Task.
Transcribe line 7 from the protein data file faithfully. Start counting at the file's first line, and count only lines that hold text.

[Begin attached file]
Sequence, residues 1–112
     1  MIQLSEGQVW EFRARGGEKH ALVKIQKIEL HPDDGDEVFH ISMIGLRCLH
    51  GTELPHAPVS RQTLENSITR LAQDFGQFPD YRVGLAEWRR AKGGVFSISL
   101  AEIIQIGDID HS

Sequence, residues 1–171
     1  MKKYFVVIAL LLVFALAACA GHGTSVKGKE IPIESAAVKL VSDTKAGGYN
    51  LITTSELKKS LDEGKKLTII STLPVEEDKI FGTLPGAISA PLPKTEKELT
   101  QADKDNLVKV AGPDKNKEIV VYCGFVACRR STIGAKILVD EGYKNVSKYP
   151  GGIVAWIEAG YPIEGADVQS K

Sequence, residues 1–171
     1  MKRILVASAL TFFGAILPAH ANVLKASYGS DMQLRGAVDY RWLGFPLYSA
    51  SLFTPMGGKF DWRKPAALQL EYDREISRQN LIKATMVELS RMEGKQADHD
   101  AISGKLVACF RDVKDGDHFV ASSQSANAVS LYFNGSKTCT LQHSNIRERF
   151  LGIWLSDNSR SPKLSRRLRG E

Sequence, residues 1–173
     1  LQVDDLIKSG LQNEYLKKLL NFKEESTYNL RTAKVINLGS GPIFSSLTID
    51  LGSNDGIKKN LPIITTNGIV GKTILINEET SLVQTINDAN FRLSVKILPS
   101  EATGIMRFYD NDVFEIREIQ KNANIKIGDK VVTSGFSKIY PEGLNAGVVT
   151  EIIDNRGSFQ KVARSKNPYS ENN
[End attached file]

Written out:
    51  LITTSELKKS LDEGKKLTII STLPVEEDKI FGTLPGAISA PLPKTEKELT